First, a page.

Dear members of the UBC community:
Welcome back for the start of the 2017/18 academic year. I hope you all had a chance to enjoy the summer.
Today, UBC is welcoming thousands of new and returning students to our campuses and learning sites. As we embrace the energy and excitement that comes with this, I would like to take an opportunity to reflect on UBC’s recent developments – as well as looking ahead to the future.
Welcome to our students
As you know, the academic year begins next week with 15,000 new students coming from across British Columbia, Canada and 142 countries around the world, many of whom are joining us thanks to access to our extensive scholarship programme.
For some of the new students, their first day at UBC will be their first experience of university, while others come to us after attending another university or college. Either way, it’s an exciting transition. For my part, I continue to be proud of the way UBC delivers on its educational mandate year after year. This semester, we will have 65,000 students being taught by 5,500 academic staff in 200 degree programs. UBC faculty continue to win awards for teaching, which shows the quality of our efforts.
Today, our new and returning students will join more than 1,000 volunteers to celebrate Imagine Day at the Vancouver campus and Create at UBC Okanagan. I hope you’ll join us on this special day.
Welcoming new faculty and staff
Besides our students, we are welcoming dozens of new faculty members; among them, Dr. Peter Zandstra, who will head the new School of Biomedical Engineering, and Alix Ohlin, who will join UBC as chair of the Creative Writing Program in January. I would like to extend a warm welcome to them and to all the other new researchers and teachers joining our community this year.
I would also like to reiterate my welcome to some new additions to our senior administration team: Professor Andrew Szeri (Provost and Vice-President, Academic) and Professor Gail Murphy (Vice-President, Research and Innovation). Also, a warm welcome to Karen Carriero (Associate Vice-President, Communications), Professor Bryce Traister (Dean of the Faculty of Creative and Critical Studies at UBC Okanagan), Dr. Mary MacDougall (Dean of the Faculty of Dentistry), and Susan E. Parker (University Librarian).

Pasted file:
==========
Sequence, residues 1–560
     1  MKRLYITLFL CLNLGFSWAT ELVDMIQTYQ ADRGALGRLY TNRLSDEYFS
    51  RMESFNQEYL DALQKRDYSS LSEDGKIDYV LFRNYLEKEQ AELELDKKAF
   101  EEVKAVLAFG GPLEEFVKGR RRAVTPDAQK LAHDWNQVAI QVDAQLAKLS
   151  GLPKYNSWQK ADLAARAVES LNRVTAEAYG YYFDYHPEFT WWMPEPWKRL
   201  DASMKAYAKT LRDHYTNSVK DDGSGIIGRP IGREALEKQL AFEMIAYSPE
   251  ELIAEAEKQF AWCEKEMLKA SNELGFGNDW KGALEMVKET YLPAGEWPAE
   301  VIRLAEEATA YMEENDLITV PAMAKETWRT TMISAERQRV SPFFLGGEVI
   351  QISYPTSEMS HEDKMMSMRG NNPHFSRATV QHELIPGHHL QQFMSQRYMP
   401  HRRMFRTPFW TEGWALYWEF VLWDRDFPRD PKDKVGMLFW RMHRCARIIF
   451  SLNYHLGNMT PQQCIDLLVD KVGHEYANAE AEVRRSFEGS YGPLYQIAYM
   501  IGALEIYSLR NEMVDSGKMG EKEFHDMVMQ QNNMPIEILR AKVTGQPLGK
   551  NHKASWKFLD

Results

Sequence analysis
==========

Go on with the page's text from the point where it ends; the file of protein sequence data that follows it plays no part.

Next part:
This term will see further changes to the senior administrative team as Lisa Castle (Vice-President, Human Resources) leaves after years of outstanding service. We have initiated a search for this position and I look forward to providing updates in due course.
UBC’s Strategic Plan
One of the most important initiatives of the new term will be the continued development of UBC’s Strategic Plan. As you know, this is an extremely important process for the university and I am proud to be leading it. We have finished the first two phases of the planning process and I am working closely with the Deans and the Executive to prepare a draft strategic plan for review by the steering committee and the broader UBC community. I would like to thank my senior advisor, Dr. Emma Cunliffe, for helping to establish the foundations for the plan and her contributions to moving us forward. I have asked Professors Szeri and Murphy to join me in leading the next phase of this process.
Research and innovation
Our commitment to science and research will also be evident as we continue to work on the B.C. research supercluster, and on our partnerships with other universities and industry in the competition for federal technology superclusters. We are also working on recruitment for the President’s Excellence Chairs and the Canada 150 Chairs. I have been very impressed with the magnitude, breadth and quality of candidates for both these programs.
I will be making a presentation at a Universities Canada panel on the Naylor Report at the Chateau Laurier in Ottawa where I will stress the importance of fundamental science in Canada.
Equity, diversity and inclusion
I recently met with the Vice Presidents’ Strategic Implementation Committee on Equity and Diversity. I appreciated hearing their perspectives and made my commitment to work directly with them – with the aim of making UBC an even more diverse and inclusive community. To this end, I am asking all members of my Executive to outline steps to enhance a more diverse and inclusive community during this academic year. I cannot emphasize enough that we are committed to providing an environment that is welcoming and safe for every member of the UBC community.
I also want to reaffirm my personal commitment to academic freedom. As I stressed in my message referring to the troubling events in Barcelona, Charlottesville, and elsewhere, all members of our community must work to ensure everybody feels welcome and safe. UBC fosters a welcoming, open community for discussing and debating all ideas and practices, no matter how complex, contentious, or difficult. The openness and tolerance this demands is a responsibility we all hold.